It's actually linear, not exponential. To get N addresses, it takes O(MAX(index)) time. But I don't think performance is a realistic concern, as indexes are generally just a counter you bump not some large randomly generated value.


Doesn't have the property that an old lost backup that you forgot existed can't be used to steal your money... while the simpler expedient of a wallet that can add an additional seeds and, eventually, forget old ones has both the property you were looking for and this leakage resistance property too.

That's a reasonable point.


Quote
but the point that the simpler seed-rotation mechanism gets you both forward and backward security (and bonus, the backward security is better, since if you leave an old backup around it doesn't get all the future keys that you'd already forgotten), I think is perhaps enough of a reason to not use the more complicated thing.

While seed-rotation is conceptually simpler, in practice it's a pain in the ass. Unless of course you do a big consolidation from your old wallet to your new wallet, which is unideal from multiple perspectives.

I guess ideally you'd have some sort of first-class wallet support for wallet rotation, where it would temporarily load both wallet and preferentially spend from the old wallet and put the change in the new wallet, and then eventually you can unload the old wallet and delete it if you will.
RHavar
Legendary
*
Offline Offline

Activity: 1806
Merit: 1454



View Profile
October 05, 2019, 06:14:41 PM
 #11

They know you used a fast forwarded seed to say 100 and may compel you to provide the full seed, and just go back to number 1, so it won't make a difference that way since you technically can still access the information.

Given a seed, you wouldn't be able to tell how fast-forwarded it was. Besides, the request boils down to finding a preimage of a cryptographic hash (N times), so I would tell them they can check back with me in a few trillion years while I'm spending the time required to calculate it. 
ETFbitcoin
Legendary
*
Offline Offline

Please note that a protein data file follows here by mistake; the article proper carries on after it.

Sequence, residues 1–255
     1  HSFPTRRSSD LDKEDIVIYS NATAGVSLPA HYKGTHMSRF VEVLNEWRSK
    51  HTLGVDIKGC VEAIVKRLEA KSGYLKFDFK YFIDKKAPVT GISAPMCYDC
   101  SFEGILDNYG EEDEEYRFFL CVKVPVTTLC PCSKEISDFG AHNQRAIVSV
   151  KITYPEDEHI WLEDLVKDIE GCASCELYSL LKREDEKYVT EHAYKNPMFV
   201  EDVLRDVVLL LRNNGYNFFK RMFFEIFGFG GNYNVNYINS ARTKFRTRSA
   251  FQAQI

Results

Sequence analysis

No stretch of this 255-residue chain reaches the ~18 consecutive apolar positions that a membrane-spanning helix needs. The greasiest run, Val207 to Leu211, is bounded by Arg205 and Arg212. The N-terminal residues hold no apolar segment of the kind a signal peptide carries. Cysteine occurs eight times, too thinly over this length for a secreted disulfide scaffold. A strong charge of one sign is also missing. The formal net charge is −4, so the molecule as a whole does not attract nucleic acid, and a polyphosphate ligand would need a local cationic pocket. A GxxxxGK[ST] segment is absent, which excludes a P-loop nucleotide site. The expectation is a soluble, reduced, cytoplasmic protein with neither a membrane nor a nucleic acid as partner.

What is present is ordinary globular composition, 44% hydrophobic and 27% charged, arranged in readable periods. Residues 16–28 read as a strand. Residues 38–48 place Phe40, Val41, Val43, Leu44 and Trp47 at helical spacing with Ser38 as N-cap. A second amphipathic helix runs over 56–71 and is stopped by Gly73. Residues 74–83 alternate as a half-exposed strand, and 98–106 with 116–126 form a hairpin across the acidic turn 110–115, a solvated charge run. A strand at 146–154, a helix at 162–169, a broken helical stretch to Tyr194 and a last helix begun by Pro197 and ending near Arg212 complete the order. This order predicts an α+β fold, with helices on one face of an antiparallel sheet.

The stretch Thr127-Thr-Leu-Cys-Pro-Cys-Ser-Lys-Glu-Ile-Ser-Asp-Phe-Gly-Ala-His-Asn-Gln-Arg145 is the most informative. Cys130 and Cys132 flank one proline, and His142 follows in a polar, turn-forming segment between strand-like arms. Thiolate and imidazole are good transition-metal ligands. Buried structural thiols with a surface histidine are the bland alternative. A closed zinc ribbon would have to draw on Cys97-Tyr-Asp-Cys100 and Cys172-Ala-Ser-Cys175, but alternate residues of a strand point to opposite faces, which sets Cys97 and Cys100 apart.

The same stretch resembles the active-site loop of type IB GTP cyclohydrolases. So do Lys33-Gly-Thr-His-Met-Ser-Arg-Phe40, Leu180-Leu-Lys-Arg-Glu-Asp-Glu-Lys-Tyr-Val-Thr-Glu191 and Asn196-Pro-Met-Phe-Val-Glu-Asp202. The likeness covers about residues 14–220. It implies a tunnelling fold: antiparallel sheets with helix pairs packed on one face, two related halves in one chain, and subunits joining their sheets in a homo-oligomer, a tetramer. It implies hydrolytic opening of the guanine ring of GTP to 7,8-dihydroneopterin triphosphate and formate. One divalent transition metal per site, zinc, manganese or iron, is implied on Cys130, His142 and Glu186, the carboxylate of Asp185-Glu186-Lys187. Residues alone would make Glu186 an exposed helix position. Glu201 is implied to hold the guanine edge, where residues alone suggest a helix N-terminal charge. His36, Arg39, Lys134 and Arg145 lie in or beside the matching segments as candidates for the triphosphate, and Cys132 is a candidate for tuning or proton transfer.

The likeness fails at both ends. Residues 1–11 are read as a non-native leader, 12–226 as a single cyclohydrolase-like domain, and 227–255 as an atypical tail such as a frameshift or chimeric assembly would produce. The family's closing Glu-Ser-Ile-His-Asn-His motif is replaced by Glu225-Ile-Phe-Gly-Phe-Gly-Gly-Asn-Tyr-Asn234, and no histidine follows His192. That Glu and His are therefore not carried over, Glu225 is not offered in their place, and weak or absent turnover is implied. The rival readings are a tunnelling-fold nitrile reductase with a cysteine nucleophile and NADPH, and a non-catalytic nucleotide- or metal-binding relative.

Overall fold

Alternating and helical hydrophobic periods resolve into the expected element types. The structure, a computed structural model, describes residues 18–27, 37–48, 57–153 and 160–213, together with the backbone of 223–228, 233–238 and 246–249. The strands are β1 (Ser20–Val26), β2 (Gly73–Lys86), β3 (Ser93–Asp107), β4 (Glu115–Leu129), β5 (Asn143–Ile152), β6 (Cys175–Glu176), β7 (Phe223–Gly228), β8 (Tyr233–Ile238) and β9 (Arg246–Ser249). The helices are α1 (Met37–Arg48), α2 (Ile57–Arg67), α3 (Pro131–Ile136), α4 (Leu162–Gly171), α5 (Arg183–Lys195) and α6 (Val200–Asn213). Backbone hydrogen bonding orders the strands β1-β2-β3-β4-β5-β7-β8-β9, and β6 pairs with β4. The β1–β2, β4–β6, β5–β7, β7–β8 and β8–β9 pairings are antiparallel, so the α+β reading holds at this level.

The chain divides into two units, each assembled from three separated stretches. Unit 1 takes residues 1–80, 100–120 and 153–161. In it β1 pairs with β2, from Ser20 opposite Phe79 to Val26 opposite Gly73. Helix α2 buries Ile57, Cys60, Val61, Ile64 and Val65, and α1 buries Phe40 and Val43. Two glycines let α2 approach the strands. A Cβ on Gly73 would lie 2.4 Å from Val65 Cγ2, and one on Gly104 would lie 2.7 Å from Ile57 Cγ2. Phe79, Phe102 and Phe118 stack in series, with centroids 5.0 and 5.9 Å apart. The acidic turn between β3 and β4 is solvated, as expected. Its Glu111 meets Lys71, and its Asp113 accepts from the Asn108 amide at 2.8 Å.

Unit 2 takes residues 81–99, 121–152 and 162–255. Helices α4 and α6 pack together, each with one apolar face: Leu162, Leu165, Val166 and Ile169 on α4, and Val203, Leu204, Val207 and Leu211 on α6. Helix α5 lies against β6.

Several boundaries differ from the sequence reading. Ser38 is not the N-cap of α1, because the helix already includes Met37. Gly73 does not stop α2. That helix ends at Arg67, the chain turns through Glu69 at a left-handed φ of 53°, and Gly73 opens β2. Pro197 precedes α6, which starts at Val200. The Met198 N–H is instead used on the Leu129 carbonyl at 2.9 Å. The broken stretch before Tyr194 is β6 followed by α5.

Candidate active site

Activity: 1792
Merit: 2051

Use SegWit and enjoy lower fees.


View Profile WWW
October 05, 2019, 06:32:50 PM
 #12

Just to be clear, the point isn't that I want to "not show" my old transactions, it's that I no longer want to have access to it. Willful ignorance, if you may. For example  I can legally be compelled to provide information, yet don't have any obligations to keep such records.  So by fast-forwarding my seeds once I'm confident I don't need the old information, I can lower my potential liability.

If you're going that far to limit information you're legally required to give, why don't you use mixer/CoinJoin and configure address on newly generated wallet as the output address?

No offense, but IMO your idea is half-hearted solution.

I guess ideally you'd have some sort of first-class wallet support for wallet rotation, where it would temporarily load both wallet and preferentially spend from the old wallet and put the change in the new wallet, and then eventually you can unload the old wallet and delete it if you will.

At least for open multiple wallet at same is already possible with Electrum. But you need to specify the change address (from wallet with new seed) manually though, unless you're using sweep feature (which send all Bitcoin  to address on new wallet).

RHavar
Legendary
*
Offline Offline

Activity: 1806
Merit: 1454



View Profile
October 05, 2019, 08:24:32 PM
 #13

No offense, but IMO your idea is half-hearted solution.

Yeah. It's definitely pretty weak, but I guess my point is that if wallets used a "Fast-Fowardable Wallet Seed", they would have pretty much no downside for using them normally (maybe slightly slower deriv, or slight extra risk from gmaxwell's cosmic rays) but it gives you one (possibly catastrophically dangerous) "fast-forward" operation which can you use, if you want.

Or looked at another way: if Fast-Fowardable Wallet Seed were the norm, would anyone be wanting to use the current deriv scheme?  Tongue

Like I said in my OP, I don't think anyone will implement it, nor do I think it's worth diverging from norms for. But it's just an idea I wanted to write down, and wish my wallet supported it  Grin
Dabs
Staff
Legendary
*
Offline Offline

Activity: 2478
Merit: 1287


The Concierge of Crypto


View Profile
October 06, 2019, 01:35:05 AM
 #14

They know you used a fast forwarded seed to say 100 and may compel you to provide the full seed, and just go back to number 1, so it won't make a difference that way since you technically can still access the information.

Given a seed, you wouldn't be able to tell how fast-forwarded it was. Besides, the request boils down to finding a preimage of a cryptographic hash (N times), so I would tell them they can check back with me in a few trillion years while I'm spending the time required to calculate it. 


They don't need to be able to tell how fast-forwarded it was, if, it has some sort of standardized protocol it follows or some BIP. They just will try to fast forward a few hundred or a few thousand, or whatever is the standard and look from there.